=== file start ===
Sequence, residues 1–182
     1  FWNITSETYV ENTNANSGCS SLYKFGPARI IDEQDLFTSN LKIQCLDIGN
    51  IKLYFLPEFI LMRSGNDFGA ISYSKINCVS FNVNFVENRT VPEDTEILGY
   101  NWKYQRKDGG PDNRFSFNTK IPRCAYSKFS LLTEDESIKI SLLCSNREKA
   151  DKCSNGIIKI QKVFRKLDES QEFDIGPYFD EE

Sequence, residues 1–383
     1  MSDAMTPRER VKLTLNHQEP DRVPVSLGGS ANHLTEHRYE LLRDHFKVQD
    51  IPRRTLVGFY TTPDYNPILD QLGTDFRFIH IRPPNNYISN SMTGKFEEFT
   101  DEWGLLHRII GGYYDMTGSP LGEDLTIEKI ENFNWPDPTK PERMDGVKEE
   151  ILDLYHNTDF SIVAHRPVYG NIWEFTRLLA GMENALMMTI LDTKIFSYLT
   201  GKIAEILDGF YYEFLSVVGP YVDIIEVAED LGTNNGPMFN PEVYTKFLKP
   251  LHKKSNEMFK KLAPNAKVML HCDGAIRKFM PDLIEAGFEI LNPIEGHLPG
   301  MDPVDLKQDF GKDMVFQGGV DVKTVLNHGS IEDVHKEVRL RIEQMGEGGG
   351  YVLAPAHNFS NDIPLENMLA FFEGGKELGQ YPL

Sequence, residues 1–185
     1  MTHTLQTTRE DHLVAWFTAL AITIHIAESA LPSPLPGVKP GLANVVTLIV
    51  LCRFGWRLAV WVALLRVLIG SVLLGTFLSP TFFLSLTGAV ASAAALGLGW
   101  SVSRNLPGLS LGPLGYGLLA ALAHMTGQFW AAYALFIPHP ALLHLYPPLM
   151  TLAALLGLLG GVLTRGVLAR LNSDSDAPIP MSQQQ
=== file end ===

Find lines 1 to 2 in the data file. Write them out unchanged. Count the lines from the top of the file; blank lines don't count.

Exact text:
Sequence, residues 1–182
     1  FWNITSETYV ENTNANSGCS SLYKFGPARI IDEQDLFTSN LKIQCLDIGN